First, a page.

Thank you for the past and the present, and all my best wishes to you for a Happy New Year.


To Lorine Pruette (April 28, 1950)

Lorine Pruette (1896–1977) was a well-known writer, psychoanalyst and feminist. In 1943, she reviewed The Fountainhead for the New York Times, a review that Rand was especially grateful for. In her biographical interviews, Rand commented: “That really saved my universe in that period. I expected nothing like that from the Times. And it’s the only intelligent review I have really had in my whole career as far as novels are concerned.”

Dear Lorine:

Thank you for your post card. I can’t tell you how homesick it made me for New York and for the nice evening we spent with you.

I don’t know yet when I will be back East, as I am deep in work on my new novel. It’s going along wonderfully and I am very happy with it. Your rose quartz is here on my desk as reminder and inspiration.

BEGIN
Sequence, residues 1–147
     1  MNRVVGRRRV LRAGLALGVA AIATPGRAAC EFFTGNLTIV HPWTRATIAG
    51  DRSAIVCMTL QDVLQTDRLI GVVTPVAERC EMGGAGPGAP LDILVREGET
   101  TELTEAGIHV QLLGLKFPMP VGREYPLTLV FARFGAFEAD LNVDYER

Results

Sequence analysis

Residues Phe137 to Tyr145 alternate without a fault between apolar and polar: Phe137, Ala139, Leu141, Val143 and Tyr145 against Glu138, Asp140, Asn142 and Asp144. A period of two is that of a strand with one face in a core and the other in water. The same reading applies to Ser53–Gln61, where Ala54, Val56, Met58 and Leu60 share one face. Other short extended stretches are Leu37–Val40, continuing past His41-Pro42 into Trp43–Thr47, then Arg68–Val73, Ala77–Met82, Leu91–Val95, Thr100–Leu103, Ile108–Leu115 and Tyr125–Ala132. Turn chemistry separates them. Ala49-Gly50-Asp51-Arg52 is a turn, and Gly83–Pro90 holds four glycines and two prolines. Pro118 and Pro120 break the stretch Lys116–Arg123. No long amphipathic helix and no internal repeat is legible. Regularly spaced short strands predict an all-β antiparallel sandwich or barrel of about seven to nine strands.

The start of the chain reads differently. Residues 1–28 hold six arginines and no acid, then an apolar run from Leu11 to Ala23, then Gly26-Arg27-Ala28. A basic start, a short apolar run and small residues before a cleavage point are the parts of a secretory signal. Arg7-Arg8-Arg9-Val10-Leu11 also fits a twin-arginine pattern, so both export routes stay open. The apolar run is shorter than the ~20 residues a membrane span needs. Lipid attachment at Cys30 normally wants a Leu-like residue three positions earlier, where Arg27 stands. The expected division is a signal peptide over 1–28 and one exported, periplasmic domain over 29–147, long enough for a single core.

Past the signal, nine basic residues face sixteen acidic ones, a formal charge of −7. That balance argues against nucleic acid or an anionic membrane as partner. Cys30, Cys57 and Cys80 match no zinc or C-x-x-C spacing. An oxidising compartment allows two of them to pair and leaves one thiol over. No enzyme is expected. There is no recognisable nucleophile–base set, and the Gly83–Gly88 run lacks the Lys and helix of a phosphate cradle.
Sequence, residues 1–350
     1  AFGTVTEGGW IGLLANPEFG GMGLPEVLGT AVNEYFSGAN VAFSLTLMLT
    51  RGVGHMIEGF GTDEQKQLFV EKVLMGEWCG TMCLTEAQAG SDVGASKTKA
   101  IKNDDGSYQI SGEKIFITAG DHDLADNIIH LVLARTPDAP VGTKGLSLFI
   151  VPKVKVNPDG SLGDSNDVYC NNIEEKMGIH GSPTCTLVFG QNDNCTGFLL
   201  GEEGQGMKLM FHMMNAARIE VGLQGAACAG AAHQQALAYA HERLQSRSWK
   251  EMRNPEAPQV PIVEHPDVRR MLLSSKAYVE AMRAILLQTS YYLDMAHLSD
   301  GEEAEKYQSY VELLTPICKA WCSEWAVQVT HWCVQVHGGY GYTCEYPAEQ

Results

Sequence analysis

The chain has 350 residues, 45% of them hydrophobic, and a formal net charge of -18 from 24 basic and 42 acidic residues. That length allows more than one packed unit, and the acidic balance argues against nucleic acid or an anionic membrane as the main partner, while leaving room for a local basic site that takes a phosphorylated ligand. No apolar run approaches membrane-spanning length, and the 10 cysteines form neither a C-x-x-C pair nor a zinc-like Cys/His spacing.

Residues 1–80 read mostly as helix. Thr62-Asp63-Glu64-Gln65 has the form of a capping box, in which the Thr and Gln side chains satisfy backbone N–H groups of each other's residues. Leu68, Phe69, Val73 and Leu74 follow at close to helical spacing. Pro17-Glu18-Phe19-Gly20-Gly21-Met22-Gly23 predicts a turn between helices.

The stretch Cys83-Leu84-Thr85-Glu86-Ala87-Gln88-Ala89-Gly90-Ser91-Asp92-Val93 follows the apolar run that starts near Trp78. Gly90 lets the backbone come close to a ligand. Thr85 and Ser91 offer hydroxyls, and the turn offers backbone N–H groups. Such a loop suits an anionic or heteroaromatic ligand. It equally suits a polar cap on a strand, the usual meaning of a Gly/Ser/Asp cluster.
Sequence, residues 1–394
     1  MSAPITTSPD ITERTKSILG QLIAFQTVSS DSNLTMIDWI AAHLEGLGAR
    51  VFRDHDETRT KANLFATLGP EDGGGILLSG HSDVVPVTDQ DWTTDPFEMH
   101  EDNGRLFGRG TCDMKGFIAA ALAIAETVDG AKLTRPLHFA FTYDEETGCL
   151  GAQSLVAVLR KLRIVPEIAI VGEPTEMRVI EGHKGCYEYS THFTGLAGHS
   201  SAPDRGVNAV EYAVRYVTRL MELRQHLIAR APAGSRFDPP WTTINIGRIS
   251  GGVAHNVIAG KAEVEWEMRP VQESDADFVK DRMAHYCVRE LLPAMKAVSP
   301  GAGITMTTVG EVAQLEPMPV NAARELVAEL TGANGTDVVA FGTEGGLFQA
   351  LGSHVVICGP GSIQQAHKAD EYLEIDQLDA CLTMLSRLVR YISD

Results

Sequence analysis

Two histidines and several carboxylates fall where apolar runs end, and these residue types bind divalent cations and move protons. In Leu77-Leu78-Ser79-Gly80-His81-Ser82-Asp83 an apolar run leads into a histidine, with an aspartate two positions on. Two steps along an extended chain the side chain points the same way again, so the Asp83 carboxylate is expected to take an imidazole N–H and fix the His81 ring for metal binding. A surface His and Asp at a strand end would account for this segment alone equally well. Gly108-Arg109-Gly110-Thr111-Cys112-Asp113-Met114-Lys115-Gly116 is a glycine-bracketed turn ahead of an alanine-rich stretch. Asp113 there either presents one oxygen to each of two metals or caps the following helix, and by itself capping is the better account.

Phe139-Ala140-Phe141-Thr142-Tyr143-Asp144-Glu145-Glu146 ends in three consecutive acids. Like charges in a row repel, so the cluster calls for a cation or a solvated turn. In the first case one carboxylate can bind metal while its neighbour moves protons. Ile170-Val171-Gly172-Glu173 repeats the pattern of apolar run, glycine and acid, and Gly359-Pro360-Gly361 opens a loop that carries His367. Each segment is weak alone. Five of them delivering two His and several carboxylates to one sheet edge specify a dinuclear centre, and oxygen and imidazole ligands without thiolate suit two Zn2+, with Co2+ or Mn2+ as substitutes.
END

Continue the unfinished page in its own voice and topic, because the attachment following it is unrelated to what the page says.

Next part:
What are you doing? Have you been writing any articles or reviews? What has happened to your proposed article about me — or is it a subject the magazines are afraid of at present? Did you ever meet Archie Ogden? He has just gone back into the publishing business and is now editor of Appleton-Century. Do let me hear from you when you have the time.

With love from both of us.

This is the last correspondence between Rand and Pruette in the Ayn Rand Archives, but Rand moved permanently to New York City in 1951, and her daily calendars show numerous dinners with Pruette from 1951 through 1958.

To Archibald Ogden (August 25, 1950)

Archibald Ogden was Rand’s editor on The Fountainhead. His almost legendary status among Objectivists was secured when he put his job on the line, telling his employer, Bobbs-Merrill, that if The Fountainhead wasn’t the book for them, then he wasn’t the editor for them.

Archie darling:

Thank you for your letter. It is I who have to ask you to forgive me for my long delay in answering, this time. I think you know that the only valid reason which could have prevented me from writing you sooner was the work on my novel. I am just approaching the end of Part I, and I did not dare interrupt myself while I had the whole world crashing — in the novel, I mean.